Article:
Original Article

Crematogaster abstinens and Crematogaster pygmaea (Hymenoptera: Formicidae: Myrmicinae): from monogyny and monodomy to polygyny and polydomy

Martins Segundo, G.B., De Biseau, J.-C., Feitosa, R.M., Carlos, J.E.V., Sá, L.R., Fontenelle, M.T.M.B. & Quinet, Y.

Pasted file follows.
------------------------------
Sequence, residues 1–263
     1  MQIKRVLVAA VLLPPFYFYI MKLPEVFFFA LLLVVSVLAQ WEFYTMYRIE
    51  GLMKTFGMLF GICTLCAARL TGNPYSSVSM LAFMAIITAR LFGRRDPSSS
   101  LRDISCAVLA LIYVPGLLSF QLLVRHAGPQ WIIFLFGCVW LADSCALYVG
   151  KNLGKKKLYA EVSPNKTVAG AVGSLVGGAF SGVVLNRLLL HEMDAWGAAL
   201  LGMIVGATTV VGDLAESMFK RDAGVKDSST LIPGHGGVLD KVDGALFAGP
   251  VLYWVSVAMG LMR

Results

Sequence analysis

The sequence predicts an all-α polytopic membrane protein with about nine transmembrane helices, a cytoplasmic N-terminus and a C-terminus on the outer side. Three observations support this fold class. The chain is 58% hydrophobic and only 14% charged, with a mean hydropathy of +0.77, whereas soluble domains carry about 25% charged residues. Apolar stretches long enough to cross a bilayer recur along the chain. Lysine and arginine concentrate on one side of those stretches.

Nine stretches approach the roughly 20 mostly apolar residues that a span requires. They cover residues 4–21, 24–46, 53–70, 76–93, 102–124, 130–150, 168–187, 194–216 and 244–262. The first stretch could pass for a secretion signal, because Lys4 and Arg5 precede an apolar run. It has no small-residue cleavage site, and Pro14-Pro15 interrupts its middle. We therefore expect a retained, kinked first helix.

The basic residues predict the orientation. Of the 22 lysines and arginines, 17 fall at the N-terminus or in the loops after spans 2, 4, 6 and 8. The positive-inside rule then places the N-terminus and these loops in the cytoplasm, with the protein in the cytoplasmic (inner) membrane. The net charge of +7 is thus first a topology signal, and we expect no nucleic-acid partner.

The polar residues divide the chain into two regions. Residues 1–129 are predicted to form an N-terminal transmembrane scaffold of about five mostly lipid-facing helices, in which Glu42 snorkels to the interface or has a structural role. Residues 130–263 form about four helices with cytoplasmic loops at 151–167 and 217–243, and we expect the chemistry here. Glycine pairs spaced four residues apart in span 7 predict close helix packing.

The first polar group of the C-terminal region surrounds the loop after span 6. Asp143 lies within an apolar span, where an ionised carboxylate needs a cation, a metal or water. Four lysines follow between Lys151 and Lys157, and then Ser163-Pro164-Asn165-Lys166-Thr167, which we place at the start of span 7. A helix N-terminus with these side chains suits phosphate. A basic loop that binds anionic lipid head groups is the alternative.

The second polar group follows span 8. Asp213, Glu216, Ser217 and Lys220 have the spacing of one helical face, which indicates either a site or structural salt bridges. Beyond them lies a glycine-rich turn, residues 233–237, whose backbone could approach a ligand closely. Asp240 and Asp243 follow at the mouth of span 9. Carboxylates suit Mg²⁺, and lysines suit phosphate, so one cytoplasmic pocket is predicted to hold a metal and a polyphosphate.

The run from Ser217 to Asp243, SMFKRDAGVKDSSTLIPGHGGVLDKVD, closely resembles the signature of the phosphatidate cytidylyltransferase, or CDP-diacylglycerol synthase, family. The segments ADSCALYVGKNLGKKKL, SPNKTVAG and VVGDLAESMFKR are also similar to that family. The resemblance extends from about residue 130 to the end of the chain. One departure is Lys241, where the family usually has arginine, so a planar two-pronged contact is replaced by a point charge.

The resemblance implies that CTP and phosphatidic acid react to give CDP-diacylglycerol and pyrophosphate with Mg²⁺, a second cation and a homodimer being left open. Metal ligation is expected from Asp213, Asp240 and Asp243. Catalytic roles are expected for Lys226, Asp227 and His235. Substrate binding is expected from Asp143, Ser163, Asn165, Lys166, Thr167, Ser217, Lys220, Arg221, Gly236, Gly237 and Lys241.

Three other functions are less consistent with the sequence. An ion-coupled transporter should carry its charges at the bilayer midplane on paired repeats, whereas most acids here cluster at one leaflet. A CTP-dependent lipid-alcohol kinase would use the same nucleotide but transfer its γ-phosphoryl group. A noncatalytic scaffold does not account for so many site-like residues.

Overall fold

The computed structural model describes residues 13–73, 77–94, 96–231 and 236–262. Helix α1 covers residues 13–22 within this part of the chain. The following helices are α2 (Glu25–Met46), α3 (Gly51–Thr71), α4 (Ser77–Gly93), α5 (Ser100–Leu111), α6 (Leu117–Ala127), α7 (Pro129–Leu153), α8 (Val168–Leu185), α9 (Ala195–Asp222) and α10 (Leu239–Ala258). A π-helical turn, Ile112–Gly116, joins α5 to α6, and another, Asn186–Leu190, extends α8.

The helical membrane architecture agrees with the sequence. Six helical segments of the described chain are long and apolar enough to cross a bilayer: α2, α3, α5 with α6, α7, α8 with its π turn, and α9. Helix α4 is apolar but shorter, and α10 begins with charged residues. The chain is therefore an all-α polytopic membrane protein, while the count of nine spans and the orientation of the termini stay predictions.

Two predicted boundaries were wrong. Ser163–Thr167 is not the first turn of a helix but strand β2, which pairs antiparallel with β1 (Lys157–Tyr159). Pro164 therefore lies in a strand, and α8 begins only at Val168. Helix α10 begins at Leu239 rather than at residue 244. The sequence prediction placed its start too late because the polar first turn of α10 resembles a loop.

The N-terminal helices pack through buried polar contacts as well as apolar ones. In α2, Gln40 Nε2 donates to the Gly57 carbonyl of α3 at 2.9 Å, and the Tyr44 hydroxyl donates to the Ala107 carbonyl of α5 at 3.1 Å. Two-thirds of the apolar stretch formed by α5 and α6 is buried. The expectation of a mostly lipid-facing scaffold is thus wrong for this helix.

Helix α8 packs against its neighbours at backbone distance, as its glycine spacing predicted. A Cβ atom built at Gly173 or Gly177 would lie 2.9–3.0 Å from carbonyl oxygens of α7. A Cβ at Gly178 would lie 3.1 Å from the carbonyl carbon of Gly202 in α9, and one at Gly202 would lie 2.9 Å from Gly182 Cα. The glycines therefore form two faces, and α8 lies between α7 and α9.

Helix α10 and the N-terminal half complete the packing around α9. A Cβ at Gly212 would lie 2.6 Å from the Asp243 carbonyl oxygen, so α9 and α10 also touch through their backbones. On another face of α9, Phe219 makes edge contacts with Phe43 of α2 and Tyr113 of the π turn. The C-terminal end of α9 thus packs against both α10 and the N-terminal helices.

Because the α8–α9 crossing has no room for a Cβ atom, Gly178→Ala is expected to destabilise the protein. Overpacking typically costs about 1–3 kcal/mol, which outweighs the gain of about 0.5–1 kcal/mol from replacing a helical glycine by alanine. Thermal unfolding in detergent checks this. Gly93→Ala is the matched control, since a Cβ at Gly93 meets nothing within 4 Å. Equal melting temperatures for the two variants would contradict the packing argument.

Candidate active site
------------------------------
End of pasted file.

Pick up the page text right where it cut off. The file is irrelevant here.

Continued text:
Abstract: Polygyny and polydomy are key features in the nesting biology of many ants, raising important questions in social insect biology, in particular about the ecological determinants of such derived traits. One relevant way to investigate those questions is the comparative study of closely related species with contrasting colony structure. In our study, we investigated and compared morphological (morphology of queens, workers and males), chemical (cuticular hydrocarbon profiles), behavioral (attractiveness of queens and substrates chemically marked by queens, colony foundation, mating behavior), and colony-structure (nest architecture, queen number, nest number) traits in Crematogaster abstinens Forel, 1899 and C. pygmaea Forel, 1904, two related Neotropical species. Our aim was to provide evidence of close evolutionary relationship between the two species and to give new insight into the ecological significance of the polygynous and polydomous system found in C. pygmaea. We first showed that the two species share important traits supporting a close evolutionary relationship: same basic morphology in workers and queens, with high queen / worker dimorphism, and ground-dwelling habit with almost identical nest architecture. The two species also share a significant part of their cuticular hydrocarbon (CHC) profiles, which possibly explains the observed attractiveness of substrates marked by queens of one species to workers of the other species. However, the two species completely differ in colony structure: highly polygynous and polydomous colonies in C. pygmaea; small, monogynous and monodomous colonies in C. abstinens. They also show, in addition to the shared compounds, significant differences in their Chc profiles and differ in mating and colony foundation behavior. In previous studies, the probable existence of a dual dispersal strategy in C. pygmaea was shown: a long-range dispersal strategy followed by independent colony foundation and a short-range dispersal strategy through budding events associated with seasonal polygyny and polydomy. We hypothesize that in C. pygmaea, polygyny and polydomy could represent a combined evolutionary response to efficiently explore and rapidly saturate patchily distributed habitats that are unstable and subject to a strong seasonality. We also speculate that the polygynous and polydomous colony structure observed in C. pygmaea is a derived condition from the monogyny and monodomy observed in C. abstinens.